New Tasmanian research has found a protein could hold the key to repairing damaged brain and spinal cord cells.
The University of Tasmania research could provide some hope for the 27,000 Australians who suffer traumatic brain injuries each year.
Neuroscientist Tracey Dickson says the team has identified a particular protein, ERM, which is vital to both the growth and repair of damaged central nervous system cells.
“We know that they are on in development and they are switched back on after trauma and perhaps that’s a clue for a particular therapeutic intervention that we could follow up,” she said.
Researcher Matilda Haas says while the body switches on the protein after trauma, the damage is never fully repaired.
“After they grow back a little bit, they’ll be stunted and the neuron will probably degenerate,” she said.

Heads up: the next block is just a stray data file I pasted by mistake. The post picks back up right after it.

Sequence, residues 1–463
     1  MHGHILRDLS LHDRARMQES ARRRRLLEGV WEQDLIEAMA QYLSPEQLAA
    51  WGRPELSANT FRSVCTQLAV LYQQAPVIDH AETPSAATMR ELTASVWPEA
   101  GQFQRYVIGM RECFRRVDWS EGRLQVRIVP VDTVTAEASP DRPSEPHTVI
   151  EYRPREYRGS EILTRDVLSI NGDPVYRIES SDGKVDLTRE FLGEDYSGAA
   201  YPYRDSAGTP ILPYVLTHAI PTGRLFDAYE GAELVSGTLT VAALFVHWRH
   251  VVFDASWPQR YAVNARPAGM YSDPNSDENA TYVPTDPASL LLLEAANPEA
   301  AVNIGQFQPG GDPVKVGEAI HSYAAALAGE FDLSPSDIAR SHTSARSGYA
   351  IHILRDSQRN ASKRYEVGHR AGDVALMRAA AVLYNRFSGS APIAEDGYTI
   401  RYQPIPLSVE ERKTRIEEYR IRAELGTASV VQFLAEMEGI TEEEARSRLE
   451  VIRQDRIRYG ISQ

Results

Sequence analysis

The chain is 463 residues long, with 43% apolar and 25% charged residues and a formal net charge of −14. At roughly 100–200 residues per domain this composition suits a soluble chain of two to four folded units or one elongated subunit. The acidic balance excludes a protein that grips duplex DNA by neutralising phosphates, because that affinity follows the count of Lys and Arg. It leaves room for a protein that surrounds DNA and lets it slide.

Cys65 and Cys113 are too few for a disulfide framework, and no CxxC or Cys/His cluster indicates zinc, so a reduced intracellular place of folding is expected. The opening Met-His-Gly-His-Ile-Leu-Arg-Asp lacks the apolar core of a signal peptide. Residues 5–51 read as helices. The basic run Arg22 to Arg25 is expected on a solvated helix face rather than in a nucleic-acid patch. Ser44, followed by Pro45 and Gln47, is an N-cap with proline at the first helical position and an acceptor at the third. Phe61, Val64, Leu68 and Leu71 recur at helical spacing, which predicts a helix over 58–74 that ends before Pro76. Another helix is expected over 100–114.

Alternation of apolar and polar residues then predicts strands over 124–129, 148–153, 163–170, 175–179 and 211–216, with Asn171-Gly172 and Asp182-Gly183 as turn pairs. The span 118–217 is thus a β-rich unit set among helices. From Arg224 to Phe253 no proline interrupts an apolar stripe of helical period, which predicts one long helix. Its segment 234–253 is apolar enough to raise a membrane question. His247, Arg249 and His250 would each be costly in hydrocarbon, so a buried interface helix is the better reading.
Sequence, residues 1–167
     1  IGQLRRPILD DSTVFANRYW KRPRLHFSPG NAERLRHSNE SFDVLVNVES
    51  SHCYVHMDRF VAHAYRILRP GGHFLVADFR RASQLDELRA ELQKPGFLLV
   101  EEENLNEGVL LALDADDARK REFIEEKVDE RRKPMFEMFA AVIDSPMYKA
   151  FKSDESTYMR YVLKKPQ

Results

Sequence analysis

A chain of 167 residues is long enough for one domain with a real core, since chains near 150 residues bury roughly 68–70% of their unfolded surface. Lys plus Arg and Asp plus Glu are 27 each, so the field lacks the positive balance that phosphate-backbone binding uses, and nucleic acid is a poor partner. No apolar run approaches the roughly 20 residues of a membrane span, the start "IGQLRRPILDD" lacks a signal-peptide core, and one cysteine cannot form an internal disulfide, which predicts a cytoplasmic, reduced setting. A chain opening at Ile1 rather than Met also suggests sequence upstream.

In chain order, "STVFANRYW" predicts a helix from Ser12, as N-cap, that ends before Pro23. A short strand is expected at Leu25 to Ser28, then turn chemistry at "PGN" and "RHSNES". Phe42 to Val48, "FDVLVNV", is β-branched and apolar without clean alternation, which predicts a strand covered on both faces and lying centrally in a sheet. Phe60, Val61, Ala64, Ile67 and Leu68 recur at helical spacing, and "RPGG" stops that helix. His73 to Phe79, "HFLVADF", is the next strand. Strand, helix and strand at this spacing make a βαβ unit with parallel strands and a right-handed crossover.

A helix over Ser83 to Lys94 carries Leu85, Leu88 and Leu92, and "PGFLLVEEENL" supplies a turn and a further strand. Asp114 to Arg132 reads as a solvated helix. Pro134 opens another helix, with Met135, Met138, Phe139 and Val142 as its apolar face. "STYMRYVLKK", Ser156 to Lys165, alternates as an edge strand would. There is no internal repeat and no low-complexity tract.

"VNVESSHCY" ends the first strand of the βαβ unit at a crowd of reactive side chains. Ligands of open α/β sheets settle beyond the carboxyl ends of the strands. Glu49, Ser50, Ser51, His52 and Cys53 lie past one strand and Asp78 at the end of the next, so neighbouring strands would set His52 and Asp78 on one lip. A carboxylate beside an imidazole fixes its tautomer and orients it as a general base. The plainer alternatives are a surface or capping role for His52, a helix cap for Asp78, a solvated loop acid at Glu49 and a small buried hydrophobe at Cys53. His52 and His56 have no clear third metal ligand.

The PhD student says it is an exciting discovery because it could help repair permanent injury.
“It was quite surprising in the beginning of my project to see that these proteins that I started studying, that nobody really knows what they do in development – I was able to identify that they were important in development,” she said.
“And then when I caused nervous system injury in one of our in-vitro models, to see that they were re-expressed, especially in response to injury, was quite exciting.”
Further research could help determine a way to get the protein to fully repair injured cells.